Fiction & Literature Book Reviews (page 2669)

WOMEN AND GHOSTS by Alison Lurie
Released: Sept. 1, 1994

"Crisp prose throughout, but the spook show gets in the way of character development. (Author tour)"
With her usual dry wit, Lurie (The Truth About Lorin Jones, 1988, etc.) makes the supernatural seem at first possible, and then inevitable, as this collection's gimmick loses its freshness. Read full book review >
HOUSE WORK by Kristina McGrath
Released: Sept. 1, 1994

"A domestic drama in the noblest, most wistful sense."
The quiet dignity of hard work and honest values dapples McGrath's poetic first novel with flecks of brilliance. Read full book review >

THE EDGE by Mark Olshaker
Released: Aug. 31, 1994

"A gritty cop story distinguished by its original and brain-teasing ending."
Medical technology turns a standard whodunit into a grisly and satisfying thriller. Read full book review >
THE LONG SUN by Janice Lucas
Released: Aug. 30, 1994

"Despite an attempt at an affirmative portrayal of Natives, the Indians come off as stereotypes, alternately romanticized and described as grunting primitives."
This interesting historical romance, which purports to be based on family lore from the author's Native American heritage, nonetheless lapses into colonialist fantasy. Read full book review >
THE INFORMERS by Bret Easton Ellis
Released: Aug. 25, 1994

"Who cares, Bret?"
Ellis (American Psycho, not reviewed, etc.) beats a dead horse in yet another self-consciously cool look at wealthy Los Angelenos taking drugs and having meaningless sex in the '80s. Read full book review >

A ROYAL MURDER by Elliott Roosevelt
Released: Aug. 19, 1994

"Fact and historical fiction blur in what is, absent Roosevelt's clear fixation on his mother, just a routine mystery."
Roosevelt (Murder in the East Room, 1993, etc.) again presses his mother into service as an amateur crime buster in yet another of his posthumously published mysteries. Read full book review >
ON THE CONTRARY by André Brink
Released: Aug. 17, 1994

South African novelist Brink (Cape of Storms, 1992, etc.) again revisits the past to tell a picaresque tale that is also a heartfelt but clumsy mea culpa. Read full book review >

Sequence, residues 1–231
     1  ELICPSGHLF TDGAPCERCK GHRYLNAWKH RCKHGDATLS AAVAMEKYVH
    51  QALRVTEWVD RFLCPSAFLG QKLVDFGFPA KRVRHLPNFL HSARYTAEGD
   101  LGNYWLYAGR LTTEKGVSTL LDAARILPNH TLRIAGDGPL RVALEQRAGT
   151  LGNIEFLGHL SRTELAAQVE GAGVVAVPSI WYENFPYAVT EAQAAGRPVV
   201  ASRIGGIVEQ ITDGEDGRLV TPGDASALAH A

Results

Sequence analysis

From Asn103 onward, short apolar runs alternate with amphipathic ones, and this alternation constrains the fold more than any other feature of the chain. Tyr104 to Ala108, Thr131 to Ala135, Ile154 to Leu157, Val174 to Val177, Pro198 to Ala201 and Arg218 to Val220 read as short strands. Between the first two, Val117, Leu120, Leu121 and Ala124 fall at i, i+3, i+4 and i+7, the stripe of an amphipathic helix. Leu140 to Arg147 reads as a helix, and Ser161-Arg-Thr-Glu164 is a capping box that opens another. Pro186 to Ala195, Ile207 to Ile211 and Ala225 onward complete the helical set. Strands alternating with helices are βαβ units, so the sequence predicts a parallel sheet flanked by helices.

HENRY AND CLARA by Thomas Mallon
Released: Aug. 16, 1994

"No magic, but solid writing about two casualties of history."
Mallon (Rockets and Rodeos, 1992) has created an enjoyable, if depressing, novel about Henry and Clara Rathbone, who were sitting in the theater box with Mary and Abraham Lincoln on the night of the president's assassination. Read full book review >
Released: Aug. 16, 1994

"At times vintage Taylor—warm, evocative, and darkly humorous- -but it doesn't really hold up as a novel."
Taylor (The Oracle at Stoneleigh Court, 1993, etc.) has written a novel that reads like a stream-of-conscious autobiography, sprinkled with wonderful moments but without the sustaining power fiction requires to propel it. ``In the Tennessee country of my forebears it was not uncommon for a man of good character suddenly to disappear,'' begins Nat Longfort, the elderly narrator. Read full book review >
NEED by Lawrence David
Released: Aug. 16, 1994

"Some sharp-eyed producer will purchase movie rights to Need, hone it to essentials, inject a good deal more eroticism, and create a fine thriller; the book itself offers too few fireworks. (Author tour)"
A surfeit of detail and a slow-moving plot hobble this second novel by the author of Family Values (1993). Read full book review >
USER by Bruce Benderson
Released: Aug. 15, 1994

"Benderson has a tremendous talent and a real feel for the night-world of New York; the question is how much readers can take."
A startling and eerie second novel by Benderson (Pretending to Say No, 1991, etc.) provides an unvarnished glimpse into a netherworld of drug dealers, transvestites, transsexuals, and prostitutes. Read full book review >
DADDY by Janet Inglis
Released: Aug. 15, 1994

"Nonetheless, Inglis does manage to convey the destructive yet irresistible power of erotic obsession and, more profoundly, the loneliness, confusion, and sense of displacement that leaves children flailing in divorce's wake."
A first novel about the pain of growing up in a broken family that is determinedly shocking, relentlessly readable, and often as adolescent as its protagonist. Read full book review >
Kirkus Interview
Katey Sagal
author of GRACE NOTES
April 10, 2017

In her memoir Grace Notes, actress and singer/songwriter Katey Sagal takes you through the highs and lows of her life, from the tragic deaths of her parents to her long years in the Los Angeles rock scene, from being diagnosed with cancer at the age of twenty-eight to getting her big break on the fledgling FOX network as the wise-cracking Peggy Bundy on the beloved sitcom Married…with Children. Sparse and poetic, Grace Notes is an emotionally riveting tale of struggle and success, both professional and personal: Sagal’s path to sobriety; the stillbirth of her first daughter, Ruby; motherhood; the experience of having her third daughter at age 52 with the help of a surrogate; and her lifelong passion for music. “While this book is sure to please the author’s many fans, its thoughtful, no-regrets honesty will no doubt also appeal to readers of Hollywood memoirs seeking substance that goes beyond gossip and name-dropping,” our critic writes. “A candid, reflective memoir.” View video >